As far as favorite classes, Billerbeck was the instructor of one of those, current events. “Current events was fun to me because we played a current events trivia game every Friday, with the entire class in teams.” And Cross was on top of current events so thoroughly that Mr. Billerbeck had to create a rule that he couldn’t answer for his team as much. “We still won just about every game.”


His other favorite class was “hippie history” with Mr. Stover during his sophomore year. “Hippie history is actually called something like ‘American history ’60s, ’70s and ’80s” but focuses a lot on the ’60s and early ’70s and has a lot to do with the counterculture and the Vietnam war. I thought it was very interesting and Mr. Stover made the class pretty fun. There were a lot of smaller things that went into that class that was really enjoyable.”


For younger students who wonder about the challenges of high school, Cross said, “The advice I would give to younger students is to just relax and do your work on time. High school is the best compared to middle school and elementary school. It’s so much more laid back and you are trusted to make your own decisions. So as long as you don’t cause problems and do your work, it will feel a lot more comfortable and you’ll have a lot more privileges, like open campus and stuff which are really nice.”


Cross noted that it’s really hard for him to believe that graduation is almost here. “I can still remember how I was feeling the summer before my sixth-grade year and being nervous about that and feeling that my senior year was a lifetime away since I still had six years left. But it really goes by fast and I think when you’re younger, school years seem to kind of drag on forever… (but) it feels like these last two years have flown by, and I always have to remind myself that I’m not going to be coming back to school here next fall and it’s a weird feeling.”


It’s also that point in time when thanks to your family matters. Cross’ family consists of his parents, Michael Cross and Cara Atwood, and his sister, Ella, who is a freshman. “My parents have been helpful in providing everything I need for school… I don’t usually have a problem with it, but if I’m falling behind in class, they are the first to let me know and make sure that I am keeping up with everything. When I was younger they would help me with homework and any problems I had, so they’ve always been there for me. I’m thankful for all of those things.”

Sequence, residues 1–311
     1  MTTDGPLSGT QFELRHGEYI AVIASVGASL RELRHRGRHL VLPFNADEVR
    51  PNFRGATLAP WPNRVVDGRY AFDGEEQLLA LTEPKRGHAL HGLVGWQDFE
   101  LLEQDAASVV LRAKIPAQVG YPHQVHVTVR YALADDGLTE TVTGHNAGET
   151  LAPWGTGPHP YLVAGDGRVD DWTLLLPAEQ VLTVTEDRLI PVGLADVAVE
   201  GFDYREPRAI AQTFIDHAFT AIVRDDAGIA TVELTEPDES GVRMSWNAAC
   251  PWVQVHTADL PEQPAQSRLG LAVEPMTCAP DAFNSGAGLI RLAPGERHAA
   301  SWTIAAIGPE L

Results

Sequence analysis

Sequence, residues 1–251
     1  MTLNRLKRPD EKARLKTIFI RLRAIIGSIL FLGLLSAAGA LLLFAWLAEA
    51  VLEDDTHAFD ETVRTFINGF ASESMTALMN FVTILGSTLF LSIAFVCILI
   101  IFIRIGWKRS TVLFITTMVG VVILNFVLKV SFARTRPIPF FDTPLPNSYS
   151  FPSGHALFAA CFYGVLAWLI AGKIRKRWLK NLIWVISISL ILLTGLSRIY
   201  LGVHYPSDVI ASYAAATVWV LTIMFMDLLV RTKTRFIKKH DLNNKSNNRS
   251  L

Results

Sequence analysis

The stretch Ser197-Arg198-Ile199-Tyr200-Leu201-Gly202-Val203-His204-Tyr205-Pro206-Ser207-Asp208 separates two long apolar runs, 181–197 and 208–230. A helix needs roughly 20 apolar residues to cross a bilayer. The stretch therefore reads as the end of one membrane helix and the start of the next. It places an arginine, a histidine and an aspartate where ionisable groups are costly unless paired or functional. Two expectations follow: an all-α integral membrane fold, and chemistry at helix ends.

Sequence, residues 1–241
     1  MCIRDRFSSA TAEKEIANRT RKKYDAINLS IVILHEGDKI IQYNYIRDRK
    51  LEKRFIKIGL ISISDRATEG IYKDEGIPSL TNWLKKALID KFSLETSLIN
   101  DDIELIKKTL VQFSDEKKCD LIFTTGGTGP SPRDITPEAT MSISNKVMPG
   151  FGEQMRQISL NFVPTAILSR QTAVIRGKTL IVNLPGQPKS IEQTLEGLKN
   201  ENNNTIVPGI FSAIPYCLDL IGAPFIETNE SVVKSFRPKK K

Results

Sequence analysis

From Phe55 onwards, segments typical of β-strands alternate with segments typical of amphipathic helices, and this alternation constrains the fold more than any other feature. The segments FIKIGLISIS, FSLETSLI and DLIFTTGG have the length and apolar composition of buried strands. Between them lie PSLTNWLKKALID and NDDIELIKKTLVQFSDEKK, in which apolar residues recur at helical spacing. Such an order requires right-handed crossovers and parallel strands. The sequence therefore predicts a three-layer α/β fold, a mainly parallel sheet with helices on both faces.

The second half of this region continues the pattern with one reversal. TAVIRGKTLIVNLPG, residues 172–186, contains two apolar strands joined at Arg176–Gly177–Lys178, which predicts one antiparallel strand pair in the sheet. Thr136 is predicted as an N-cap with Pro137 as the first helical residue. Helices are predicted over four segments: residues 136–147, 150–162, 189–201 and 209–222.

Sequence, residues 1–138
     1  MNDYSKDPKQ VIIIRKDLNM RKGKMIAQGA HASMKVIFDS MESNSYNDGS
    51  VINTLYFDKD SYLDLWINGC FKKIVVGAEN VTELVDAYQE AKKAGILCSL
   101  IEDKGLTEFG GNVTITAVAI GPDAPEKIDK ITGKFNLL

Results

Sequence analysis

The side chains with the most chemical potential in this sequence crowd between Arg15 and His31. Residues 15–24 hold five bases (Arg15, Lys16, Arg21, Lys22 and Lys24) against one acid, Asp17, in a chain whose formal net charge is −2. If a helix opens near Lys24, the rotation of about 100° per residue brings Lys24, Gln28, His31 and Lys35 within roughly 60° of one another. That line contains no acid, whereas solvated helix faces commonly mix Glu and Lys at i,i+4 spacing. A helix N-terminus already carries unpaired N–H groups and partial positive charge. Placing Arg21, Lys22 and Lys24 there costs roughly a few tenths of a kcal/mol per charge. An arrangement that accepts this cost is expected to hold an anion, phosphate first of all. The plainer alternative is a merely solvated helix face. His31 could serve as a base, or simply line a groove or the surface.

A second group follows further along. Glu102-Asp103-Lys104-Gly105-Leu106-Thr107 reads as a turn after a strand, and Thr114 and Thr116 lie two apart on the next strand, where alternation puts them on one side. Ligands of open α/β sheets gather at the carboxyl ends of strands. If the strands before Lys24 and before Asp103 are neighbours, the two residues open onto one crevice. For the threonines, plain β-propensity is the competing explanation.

His plans for the future are to attend DMACC for a two-year degree in business administration, then possibly complete his last two years of college online, while getting a starting job, or transferring to a university. “But I would prefer finishing the last two years online somehow.”


His long-term life goal is straightforward. “I’d like to be making as much money as I possibly can. I would really like a high paying job. Other than that, I want to be as happy in life as I am right now.”


When asked if he’d like to make one last comment, he made it about his school’s sports teams. “Go Spartans! The future is bright in both the boys’ and girls’ athletic programs. I think there is a lot of success to come. I know the boys have been building and fighting to grasp any kind of success they could the last two years and they have laid a good foundation for the future classes coming in, and the girls have already had great amounts of success recently. I think everyone should be hopeful for the future.”